Salicylic acid causes your skin to shed. That’s exactly what it’s designed to do. So why the heck is it in Carmex? A: To cut down the lifetime of cold sores by causing that skin to shed. Salicylic acid is a great cold sore and acne blemish treatment, because it forces exfoliation by making skin dry out and fall off, thus speeding up the life cycle of whatever unpleasant skin thing you’re trying to cure. (Don’t, uh, don’t go putting it willy-nilly on other types of herpes sores. Not a doctor.)
The problem most people have with Carmex is that the salicylic acid dries out more than just their cold sores, ya know? It has the effect of drying out their entire lips. So then they feel like they need more Carmex to soothe those dried out lips, thus the cycle of perceived Carmex addiction.
Carmex’s website states it like this:
SALICYLIC ACID — A mild exfoliant allows moisturizers to be better absorbed.
Sure, kinda. It’s an exfoliant, but its mildness varies from person to person, like any chemical exfoliant. The effect is also increased over time with repeated usage. And like any chemical exfoliant, it’s always going to have a certain amount of drying and shedding effect on the user, even when combined with a heavy greasy disgusting emollient like lanolin, which I’m under moral obligation to remind you is sebum from a goddamn sheep. Salicylic acid doesn’t actually help moisturizers be “absorbed” per se, especially in that you might not so desperately need said moisturizers if you weren’t applying an inherently chemical exfoliant to your delicate lip skin. I get that they need a perceived justification for what is usually an acne and cold sore drying-out skin-peeling ingredient, don’t you?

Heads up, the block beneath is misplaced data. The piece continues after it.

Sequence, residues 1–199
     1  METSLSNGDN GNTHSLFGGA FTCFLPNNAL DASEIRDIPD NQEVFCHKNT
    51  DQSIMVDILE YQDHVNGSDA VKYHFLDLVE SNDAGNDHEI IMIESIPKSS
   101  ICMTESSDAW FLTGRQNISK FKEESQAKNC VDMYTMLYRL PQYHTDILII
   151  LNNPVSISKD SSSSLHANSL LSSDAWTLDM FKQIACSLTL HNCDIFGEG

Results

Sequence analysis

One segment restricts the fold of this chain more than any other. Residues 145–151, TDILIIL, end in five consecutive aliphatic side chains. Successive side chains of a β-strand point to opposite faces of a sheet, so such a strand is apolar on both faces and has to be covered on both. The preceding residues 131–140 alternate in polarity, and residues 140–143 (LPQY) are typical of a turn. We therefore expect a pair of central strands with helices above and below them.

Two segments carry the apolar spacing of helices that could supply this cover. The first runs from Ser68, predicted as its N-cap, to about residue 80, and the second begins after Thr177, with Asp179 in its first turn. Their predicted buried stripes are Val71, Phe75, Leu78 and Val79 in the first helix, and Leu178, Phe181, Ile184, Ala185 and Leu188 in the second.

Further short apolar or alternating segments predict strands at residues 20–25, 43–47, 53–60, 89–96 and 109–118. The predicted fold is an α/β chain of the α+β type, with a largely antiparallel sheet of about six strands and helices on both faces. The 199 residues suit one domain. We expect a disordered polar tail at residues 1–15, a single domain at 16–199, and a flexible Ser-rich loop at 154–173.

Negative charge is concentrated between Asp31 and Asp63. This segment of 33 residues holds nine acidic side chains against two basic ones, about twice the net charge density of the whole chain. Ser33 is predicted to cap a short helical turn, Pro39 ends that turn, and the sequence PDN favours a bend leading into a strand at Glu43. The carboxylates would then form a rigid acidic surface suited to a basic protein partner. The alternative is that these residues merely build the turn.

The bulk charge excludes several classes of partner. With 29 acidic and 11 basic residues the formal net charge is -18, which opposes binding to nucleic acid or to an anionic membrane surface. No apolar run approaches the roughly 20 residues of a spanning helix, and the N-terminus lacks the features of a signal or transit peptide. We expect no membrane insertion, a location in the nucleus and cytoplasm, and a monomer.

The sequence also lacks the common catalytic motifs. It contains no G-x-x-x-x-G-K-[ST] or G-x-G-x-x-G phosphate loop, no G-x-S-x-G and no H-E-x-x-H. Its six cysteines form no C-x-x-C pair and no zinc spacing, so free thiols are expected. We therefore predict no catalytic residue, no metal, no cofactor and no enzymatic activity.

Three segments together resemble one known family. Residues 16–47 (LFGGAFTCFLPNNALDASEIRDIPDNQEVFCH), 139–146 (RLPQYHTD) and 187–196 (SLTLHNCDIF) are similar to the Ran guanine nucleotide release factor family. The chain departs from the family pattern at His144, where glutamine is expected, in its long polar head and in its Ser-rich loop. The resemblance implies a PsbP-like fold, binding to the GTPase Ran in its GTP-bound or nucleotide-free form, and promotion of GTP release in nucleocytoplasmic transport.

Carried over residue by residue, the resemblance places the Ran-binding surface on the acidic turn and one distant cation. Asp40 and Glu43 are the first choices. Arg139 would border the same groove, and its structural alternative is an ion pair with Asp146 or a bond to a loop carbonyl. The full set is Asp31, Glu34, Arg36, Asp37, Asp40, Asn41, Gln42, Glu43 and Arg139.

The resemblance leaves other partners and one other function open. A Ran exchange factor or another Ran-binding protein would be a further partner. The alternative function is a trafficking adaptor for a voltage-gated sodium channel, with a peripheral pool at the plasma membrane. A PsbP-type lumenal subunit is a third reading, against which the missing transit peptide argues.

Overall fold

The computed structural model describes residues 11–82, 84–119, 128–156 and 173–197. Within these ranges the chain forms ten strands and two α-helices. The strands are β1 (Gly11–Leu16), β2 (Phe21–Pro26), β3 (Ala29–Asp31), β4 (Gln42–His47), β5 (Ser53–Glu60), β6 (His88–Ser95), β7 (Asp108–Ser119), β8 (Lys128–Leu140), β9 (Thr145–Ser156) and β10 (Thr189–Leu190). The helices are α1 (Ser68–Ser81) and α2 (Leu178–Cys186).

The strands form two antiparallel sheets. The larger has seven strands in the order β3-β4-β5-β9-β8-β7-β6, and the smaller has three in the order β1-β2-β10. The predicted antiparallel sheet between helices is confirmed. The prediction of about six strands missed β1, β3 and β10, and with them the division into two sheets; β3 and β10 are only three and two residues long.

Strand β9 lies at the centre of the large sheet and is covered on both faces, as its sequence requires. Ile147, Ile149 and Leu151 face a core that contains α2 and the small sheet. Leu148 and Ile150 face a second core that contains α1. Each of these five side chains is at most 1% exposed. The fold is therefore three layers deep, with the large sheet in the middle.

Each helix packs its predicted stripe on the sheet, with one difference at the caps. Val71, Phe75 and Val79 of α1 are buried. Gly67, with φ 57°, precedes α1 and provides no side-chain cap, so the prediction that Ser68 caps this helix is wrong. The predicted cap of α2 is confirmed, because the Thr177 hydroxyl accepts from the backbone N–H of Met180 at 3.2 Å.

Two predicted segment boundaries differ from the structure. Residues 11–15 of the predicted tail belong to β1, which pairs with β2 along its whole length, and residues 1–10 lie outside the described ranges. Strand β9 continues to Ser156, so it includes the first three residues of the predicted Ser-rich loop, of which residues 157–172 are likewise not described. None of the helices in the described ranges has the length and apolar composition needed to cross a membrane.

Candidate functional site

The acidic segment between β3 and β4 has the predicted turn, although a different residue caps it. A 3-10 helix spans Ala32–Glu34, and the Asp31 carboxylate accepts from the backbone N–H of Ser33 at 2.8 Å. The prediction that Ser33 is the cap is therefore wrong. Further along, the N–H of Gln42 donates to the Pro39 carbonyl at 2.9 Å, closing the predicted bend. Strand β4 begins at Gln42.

Anyway, there you have it. Carmex is not addictive, and it does not contain aspirin, but it can cause a cycle of perceived dependency because it’s designed to dry your skin out, and it tends to accomplish that task well, especially with repeated usage. If you like that menthol-cooling feeling but you don’t like the idea of chemical exfoliants or sheep grease, try using a lip balm that contains peppermint essential oil but doesn’t contain any salicylic acid or lanolin, respectively. (There are loads; poke around at your local hippie grocery.) You’re likely to suddenly realize you’re not, in fact, addicted to lip balm, and that you can stop using it whenever you choose. And you won’t be rubbing sheep grease all over your mouth like an animal, either! Yay! Everybody wins! Except for Carmex! Oh well!
*I doubt there’s much crossover between my beauty blog reading audience and my tech podcast consuming audience, but alas. I’m sticking this post here anyway, because it’s technically a beauty and skincare topic, ya know? Go visit my business site or my more techy blog if you like.